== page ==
Using the methodology Philosophy for Children (P4C) I had a mind-blowing moment, one of those little BIG things that drives you to teach. Having said that this experience happened long before I qualified as a primary school teacher, but it stayed with me and inspired me to place questioning and enquiry at the heart of my practice today. By using the P4C approach I saw children answer some of life’s biggest questions, and the best part – they did it without me!
What is Philosophy for Children (P4C)?
P4C is a methodology that teaches children how to ask and then discuss philosophical questions using a ‘stimulus’ as a starting point.
Developing P4C in the year 2 classroom
This is where the session started, in a Year 2 class with an image from ‘We Are All Born Free’ .
I was a visitor practicing P4C with this class for half a term. Like the finale to a great play this culminating session deserved a round of applause and, to me, demonstrated the power of philosophy.
Preparation and presentation of the stimulus
In preparing for a session I usually sit the children in a horseshoe or circle, introducing the philosophy workshop and the concept of juicy questions – thinking questions with no specific answer. When delivering P4C in Reception I often let the children ask me a juicy question or two, which tends to get lots of giggles and is usually as risqué as ‘what’s your name miss?’ Which is juicy in a different way to small people and is something I enjoy sharing (don’t tell the headteacher).
It’s helpful at this point to highlight or introduce the rules, depending on where you are in your P4C journey. The four I choose to use are think, talk, listen and that there are no right or wrong answers in philosophy. I use a thumbs up if children want to speak and discuss respectful listening. What is key in P4C is creating a safe and open space where children feel able to share their thoughts and feelings – this happens gradually with practice. The P4C approach uses the four C’s – caring, critical, collaborative and creative and this is what an enquiry should look like.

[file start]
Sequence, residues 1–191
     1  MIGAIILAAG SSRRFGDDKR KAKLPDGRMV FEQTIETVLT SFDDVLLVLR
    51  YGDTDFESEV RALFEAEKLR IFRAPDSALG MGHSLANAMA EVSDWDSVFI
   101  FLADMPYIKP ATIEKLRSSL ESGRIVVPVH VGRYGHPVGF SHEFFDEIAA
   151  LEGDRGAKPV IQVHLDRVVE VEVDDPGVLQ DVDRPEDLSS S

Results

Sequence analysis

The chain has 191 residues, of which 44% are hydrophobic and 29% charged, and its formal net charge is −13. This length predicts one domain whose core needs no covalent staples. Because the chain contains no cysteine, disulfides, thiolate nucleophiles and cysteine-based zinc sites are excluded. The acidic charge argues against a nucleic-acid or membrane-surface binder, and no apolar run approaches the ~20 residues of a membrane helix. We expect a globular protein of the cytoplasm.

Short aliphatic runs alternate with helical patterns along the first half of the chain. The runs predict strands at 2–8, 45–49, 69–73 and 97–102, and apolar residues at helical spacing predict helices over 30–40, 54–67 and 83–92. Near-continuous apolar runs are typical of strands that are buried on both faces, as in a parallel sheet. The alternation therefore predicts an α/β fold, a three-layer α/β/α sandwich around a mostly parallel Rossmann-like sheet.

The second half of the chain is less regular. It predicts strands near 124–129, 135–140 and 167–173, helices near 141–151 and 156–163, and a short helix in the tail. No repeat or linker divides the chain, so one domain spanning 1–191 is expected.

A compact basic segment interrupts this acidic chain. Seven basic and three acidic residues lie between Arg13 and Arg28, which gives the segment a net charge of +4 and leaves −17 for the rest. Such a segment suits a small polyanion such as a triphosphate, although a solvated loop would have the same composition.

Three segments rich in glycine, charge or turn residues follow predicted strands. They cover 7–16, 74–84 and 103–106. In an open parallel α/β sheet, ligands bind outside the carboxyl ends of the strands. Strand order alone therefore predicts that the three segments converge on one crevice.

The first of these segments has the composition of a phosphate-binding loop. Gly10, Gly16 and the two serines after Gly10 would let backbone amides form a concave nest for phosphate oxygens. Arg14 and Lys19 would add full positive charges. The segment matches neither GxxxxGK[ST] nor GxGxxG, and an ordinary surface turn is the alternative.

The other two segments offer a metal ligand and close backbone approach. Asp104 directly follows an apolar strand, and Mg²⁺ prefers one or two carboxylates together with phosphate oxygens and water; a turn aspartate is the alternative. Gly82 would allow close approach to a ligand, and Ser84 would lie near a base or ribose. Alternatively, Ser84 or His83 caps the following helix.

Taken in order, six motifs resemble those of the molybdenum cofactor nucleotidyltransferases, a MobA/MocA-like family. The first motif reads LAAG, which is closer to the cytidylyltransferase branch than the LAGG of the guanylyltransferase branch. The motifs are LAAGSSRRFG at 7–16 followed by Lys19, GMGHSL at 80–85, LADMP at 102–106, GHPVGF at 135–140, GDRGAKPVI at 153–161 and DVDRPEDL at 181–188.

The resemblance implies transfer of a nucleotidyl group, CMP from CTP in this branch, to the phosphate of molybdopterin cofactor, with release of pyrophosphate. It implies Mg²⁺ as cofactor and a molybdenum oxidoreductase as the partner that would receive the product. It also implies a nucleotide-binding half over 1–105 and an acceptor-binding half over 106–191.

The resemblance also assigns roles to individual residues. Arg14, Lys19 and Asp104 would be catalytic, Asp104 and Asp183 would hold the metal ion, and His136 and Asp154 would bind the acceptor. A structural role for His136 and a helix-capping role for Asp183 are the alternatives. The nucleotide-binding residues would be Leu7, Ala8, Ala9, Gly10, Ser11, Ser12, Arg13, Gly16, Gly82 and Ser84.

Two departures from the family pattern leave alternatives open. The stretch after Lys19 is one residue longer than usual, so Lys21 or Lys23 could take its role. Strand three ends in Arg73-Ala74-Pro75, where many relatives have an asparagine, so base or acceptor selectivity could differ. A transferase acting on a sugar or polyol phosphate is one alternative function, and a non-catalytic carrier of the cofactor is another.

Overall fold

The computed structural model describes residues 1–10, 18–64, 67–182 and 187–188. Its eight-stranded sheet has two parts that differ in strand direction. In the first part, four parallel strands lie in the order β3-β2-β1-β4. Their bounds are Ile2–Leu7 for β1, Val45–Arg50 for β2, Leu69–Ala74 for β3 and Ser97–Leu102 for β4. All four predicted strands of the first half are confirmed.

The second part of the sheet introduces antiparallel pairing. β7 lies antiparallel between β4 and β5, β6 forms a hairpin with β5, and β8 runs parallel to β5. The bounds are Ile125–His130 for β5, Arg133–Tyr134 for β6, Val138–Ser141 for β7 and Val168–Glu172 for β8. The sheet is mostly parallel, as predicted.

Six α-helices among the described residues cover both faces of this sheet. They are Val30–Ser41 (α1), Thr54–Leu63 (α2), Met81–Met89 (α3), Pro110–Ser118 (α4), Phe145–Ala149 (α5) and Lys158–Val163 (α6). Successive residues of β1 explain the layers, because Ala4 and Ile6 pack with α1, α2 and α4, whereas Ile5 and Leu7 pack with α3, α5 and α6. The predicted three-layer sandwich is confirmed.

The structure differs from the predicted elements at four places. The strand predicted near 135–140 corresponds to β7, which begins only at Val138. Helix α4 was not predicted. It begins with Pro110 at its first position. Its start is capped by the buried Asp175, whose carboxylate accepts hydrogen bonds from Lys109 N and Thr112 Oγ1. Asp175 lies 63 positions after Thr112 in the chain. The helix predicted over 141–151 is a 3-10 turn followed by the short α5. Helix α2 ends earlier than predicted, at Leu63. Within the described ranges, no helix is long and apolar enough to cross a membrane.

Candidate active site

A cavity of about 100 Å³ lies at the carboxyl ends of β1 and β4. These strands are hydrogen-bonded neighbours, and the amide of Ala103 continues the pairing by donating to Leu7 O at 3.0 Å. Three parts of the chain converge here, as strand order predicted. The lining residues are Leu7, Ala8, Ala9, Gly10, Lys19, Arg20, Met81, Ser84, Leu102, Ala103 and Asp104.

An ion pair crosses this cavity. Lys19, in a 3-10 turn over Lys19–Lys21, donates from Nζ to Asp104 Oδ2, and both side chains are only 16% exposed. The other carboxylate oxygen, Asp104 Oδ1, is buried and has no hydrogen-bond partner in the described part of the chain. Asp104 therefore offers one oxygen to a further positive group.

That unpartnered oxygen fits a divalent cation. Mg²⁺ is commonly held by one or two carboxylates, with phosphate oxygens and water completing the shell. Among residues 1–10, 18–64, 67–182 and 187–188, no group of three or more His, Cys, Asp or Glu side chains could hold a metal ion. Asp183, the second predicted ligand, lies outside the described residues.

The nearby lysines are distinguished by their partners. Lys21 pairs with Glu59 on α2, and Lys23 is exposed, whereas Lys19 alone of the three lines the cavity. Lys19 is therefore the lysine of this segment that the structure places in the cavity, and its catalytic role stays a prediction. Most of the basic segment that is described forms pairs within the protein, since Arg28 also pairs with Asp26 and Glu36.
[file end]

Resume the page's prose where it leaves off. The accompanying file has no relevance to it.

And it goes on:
Housekeeping done, we’re in… in this year group chinese whispers is a good place to start, honing in on listening skills and team work. The stimulus is then shared, anything from an object or film to a book or experience – this is where the magic begins. I placed the picture, shown above, in the middle of the circle and then asked the children to think about what they had been presented with. Scroll back, have a really good look and consider what you see…
Once the children have had enough time to consider the stimulus I ask them to discuss and share their thoughts, with one another and smaller groups at first and then with the whole group. This conversation always demonstrates the power of perspective and in this instance the feedback ranged from, ‘I was just thinking about how that kite was flying miss’ to ‘I don’t know if all twins look the same?’ and the mandatory ‘is it nearly dinner time!?’ Not yet the most philosophical of content but then comes the question generator.
Generating and sharing questions
This year 2 group were well versed at generating questions, I had been delivering P4C for a few weeks and had built-in activities around ‘juicy questions.’ These are the big ones, the ones you can’t answer yes or no to, the ones that make your teacher squirm (incentive for a 7-year-old!) And out comes Philosophy Phil, a handmade and very friendly robot who eats the questions and spits them out if they’re not juicy enough. Thanks Phil.
So here are the questions that were generated, which I note exactly as the child says, sticking only the juicy ones up on the large laminated orange.
Do people treat you differently if you treat them nicely?
Should we be free?
Is freedom being able to get up and go outside when you’re hot?
Are boys and girls born the same?
Should we treat people the same?
Should we all be treated the same?
Does everybody look the same?
If someone is poorly should they stay inside?